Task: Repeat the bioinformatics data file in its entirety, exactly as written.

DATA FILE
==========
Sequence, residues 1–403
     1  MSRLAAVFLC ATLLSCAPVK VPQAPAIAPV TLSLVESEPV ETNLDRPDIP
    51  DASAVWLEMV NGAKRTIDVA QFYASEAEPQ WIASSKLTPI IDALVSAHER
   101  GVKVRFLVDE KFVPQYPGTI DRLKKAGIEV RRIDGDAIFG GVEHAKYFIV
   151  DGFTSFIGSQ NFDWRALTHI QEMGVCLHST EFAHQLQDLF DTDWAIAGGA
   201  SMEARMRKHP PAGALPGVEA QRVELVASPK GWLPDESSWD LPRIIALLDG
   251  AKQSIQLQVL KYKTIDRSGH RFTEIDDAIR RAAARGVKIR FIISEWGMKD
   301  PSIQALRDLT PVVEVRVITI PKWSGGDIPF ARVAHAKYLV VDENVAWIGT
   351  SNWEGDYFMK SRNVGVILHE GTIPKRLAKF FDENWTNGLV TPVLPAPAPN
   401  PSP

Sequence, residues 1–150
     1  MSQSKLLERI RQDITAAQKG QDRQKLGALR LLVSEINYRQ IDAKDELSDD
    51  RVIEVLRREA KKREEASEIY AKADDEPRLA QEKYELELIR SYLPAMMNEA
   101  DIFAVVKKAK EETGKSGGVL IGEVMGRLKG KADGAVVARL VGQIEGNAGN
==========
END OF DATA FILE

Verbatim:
Sequence, residues 1–403
     1  MSRLAAVFLC ATLLSCAPVK VPQAPAIAPV TLSLVESEPV ETNLDRPDIP
    51  DASAVWLEMV NGAKRTIDVA QFYASEAEPQ WIASSKLTPI IDALVSAHER
   101  GVKVRFLVDE KFVPQYPGTI DRLKKAGIEV RRIDGDAIFG GVEHAKYFIV
   151  DGFTSFIGSQ NFDWRALTHI QEMGVCLHST EFAHQLQDLF DTDWAIAGGA
   201  SMEARMRKHP PAGALPGVEA QRVELVASPK GWLPDESSWD LPRIIALLDG
   251  AKQSIQLQVL KYKTIDRSGH RFTEIDDAIR RAAARGVKIR FIISEWGMKD
   301  PSIQALRDLT PVVEVRVITI PKWSGGDIPF ARVAHAKYLV VDENVAWIGT
   351  SNWEGDYFMK SRNVGVILHE GTIPKRLAKF FDENWTNGLV TPVLPAPAPN
   401  PSP

Sequence, residues 1–150
     1  MSQSKLLERI RQDITAAQKG QDRQKLGALR LLVSEINYRQ IDAKDELSDD
    51  RVIEVLRREA KKREEASEIY AKADDEPRLA QEKYELELIR SYLPAMMNEA
   101  DIFAVVKKAK EETGKSGGVL IGEVMGRLKG KADGAVVARL VGQIEGNAGN